'The pens should be reserved for employees only' - Minister backs crackdown on mart safety

Annual Continental Show & Sale of Heifers Elphin Mart. Avoid Eye Contact at The Mart.
Photo Brian Farrell
Annual Continental Show & Sale of Heifers Elphin Mart. Avoid Eye Contact at The Mart. Photo Brian Farrell
Castlerea Mart Crush Bars. Photo Brian Farrell
Michael McMorrow from Dowry has special elevation for his wheelchair at Manorhamilton Mart Photo Brian Farrell
Photo Brian Farrell
Ciaran Moran

Ciaran Moran

People must use common sense themselves and recognise the dangers of mixing with animals, according to the Minister for Employment and Small Business, Pat Breen.

The Minister is who is responsible for Workplace Safety policy said that under no circumstances should members of the public be in the passages between the pens or the pens themselves because cattle at marts are in unfamiliar surroundings and their behaviour can be unpredictable.

It comes following a major Health and Safety crackdown by mart owners and managers with an effective ban in many marts on farmers entering areas where cattle are penned.

New rules involve keeping mart visitors and livestock apart from each other this may include restricted access to livestock delivery points, closing off passageways and the establishment of gantries and bridges to allow for safe viewing of livestock, depending on the size of the mart involved.

It came following a serious accident in Mohill Mart where a man sustained severe head injuries after an incident involving an animal.

Minister Breen said mart owners and managers have statutory obligations under the Safety, Health and Welfare at Work Act 2005.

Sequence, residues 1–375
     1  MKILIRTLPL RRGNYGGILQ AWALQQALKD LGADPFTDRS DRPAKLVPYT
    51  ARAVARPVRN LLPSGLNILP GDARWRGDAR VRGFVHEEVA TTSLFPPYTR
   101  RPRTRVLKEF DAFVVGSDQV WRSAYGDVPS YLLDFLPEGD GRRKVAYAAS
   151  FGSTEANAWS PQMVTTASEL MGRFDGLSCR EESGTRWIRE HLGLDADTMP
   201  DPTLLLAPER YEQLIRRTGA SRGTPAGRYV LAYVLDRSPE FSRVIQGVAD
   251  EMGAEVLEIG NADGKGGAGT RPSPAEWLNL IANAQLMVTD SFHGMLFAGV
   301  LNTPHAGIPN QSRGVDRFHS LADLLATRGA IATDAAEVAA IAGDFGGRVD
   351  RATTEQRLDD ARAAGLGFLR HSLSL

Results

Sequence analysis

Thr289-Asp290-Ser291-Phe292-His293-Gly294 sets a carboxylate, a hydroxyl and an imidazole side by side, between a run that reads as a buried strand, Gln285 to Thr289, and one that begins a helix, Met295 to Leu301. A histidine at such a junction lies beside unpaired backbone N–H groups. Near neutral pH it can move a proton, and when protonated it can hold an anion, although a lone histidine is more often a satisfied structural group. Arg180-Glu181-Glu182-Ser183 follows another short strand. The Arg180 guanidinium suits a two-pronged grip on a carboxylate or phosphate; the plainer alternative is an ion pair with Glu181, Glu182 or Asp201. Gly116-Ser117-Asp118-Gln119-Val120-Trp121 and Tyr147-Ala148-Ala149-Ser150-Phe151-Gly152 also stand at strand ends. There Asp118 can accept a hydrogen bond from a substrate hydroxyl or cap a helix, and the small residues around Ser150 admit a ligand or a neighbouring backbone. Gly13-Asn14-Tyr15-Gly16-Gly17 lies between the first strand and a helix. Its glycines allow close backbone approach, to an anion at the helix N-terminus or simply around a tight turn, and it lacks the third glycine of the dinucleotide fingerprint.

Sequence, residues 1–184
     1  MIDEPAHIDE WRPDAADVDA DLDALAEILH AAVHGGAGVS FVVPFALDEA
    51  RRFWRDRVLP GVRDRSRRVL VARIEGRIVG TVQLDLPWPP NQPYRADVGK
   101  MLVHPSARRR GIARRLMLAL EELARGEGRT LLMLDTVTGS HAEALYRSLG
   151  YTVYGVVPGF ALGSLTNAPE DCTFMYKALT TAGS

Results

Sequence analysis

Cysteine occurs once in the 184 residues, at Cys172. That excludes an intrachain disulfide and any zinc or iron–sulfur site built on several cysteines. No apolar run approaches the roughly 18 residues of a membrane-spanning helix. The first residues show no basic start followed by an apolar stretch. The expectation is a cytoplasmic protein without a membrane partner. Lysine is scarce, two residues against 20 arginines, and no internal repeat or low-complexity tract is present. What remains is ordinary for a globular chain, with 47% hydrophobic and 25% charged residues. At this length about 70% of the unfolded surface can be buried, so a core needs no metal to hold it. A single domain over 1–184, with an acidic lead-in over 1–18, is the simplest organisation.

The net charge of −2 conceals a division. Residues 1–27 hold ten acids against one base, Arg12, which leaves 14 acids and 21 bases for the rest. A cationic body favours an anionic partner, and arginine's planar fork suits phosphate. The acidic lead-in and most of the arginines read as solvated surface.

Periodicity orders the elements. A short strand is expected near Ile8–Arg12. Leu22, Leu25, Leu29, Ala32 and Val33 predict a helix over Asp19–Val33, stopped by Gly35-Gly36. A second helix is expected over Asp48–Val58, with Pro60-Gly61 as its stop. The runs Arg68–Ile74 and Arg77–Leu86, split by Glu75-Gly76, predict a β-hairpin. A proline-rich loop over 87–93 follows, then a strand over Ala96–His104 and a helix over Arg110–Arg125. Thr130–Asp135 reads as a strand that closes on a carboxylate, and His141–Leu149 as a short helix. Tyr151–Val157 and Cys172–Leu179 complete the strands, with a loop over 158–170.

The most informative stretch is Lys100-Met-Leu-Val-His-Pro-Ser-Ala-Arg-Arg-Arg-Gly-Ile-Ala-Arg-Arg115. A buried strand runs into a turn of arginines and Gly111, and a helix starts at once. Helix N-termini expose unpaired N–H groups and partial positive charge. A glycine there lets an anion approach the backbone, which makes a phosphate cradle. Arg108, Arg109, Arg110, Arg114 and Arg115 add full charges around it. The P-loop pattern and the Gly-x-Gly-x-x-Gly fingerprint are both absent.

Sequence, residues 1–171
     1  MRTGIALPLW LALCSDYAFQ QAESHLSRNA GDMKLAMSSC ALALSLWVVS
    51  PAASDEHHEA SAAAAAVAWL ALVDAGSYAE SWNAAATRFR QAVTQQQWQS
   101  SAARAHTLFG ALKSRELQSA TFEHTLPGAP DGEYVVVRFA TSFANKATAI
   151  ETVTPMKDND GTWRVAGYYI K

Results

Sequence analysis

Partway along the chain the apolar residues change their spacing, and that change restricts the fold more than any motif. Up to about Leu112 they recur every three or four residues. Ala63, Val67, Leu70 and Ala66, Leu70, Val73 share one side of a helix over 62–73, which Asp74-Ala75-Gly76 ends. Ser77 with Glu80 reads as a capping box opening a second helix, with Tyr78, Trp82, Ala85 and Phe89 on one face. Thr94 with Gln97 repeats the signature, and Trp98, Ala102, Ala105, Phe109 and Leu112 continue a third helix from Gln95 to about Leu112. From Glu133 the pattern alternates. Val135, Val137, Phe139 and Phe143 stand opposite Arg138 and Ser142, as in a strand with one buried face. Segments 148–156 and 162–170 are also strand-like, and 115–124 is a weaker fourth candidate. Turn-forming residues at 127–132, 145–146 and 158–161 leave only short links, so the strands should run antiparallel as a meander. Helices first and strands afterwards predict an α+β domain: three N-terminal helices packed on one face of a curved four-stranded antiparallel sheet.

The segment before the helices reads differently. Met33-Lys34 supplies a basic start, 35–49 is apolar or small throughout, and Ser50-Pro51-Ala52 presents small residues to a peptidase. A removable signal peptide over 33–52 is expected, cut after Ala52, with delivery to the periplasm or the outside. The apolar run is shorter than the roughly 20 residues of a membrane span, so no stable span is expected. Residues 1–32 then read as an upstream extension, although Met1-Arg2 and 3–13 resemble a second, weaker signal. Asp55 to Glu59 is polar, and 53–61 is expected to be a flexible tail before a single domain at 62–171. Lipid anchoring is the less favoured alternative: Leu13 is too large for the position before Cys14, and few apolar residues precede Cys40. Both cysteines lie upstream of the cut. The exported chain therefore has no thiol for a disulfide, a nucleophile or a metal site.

"They have a responsibility to ensure the safety of their employees and the general public.

"Most marts and co-operatives are very conscious of safety around animals.

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"The public should be in the auction rooms rather than outside where the animals are penned.

"The pens should be reserved for employees only.

"Marts are dangerous places, particularly in the morning when cattle are being offloaded from trailers into the pens, he said.

The Irish Co-operative Organisation Society (ICOS) has urged mart-goers to embrace and support the safety measures being implemented on an ongoing basis by marts across Ireland.

“Everyone was very upset to hear of this distressing accident.  It’s always important to figure out how something like this could have happened and also to take any measures necessary to avoid a recurrence.

“Over the past number of months, marts have been implementing extra measures to further reduce health and safety risks. All ICOS mart drovers already receive professional training in livestock management including health and safety.

"We are also providing additional training for our staff along with safety information, new signage and announcements re-advising patrons that safety comes first. It is a mutual concern that everyone must work together collectively to address," it said.

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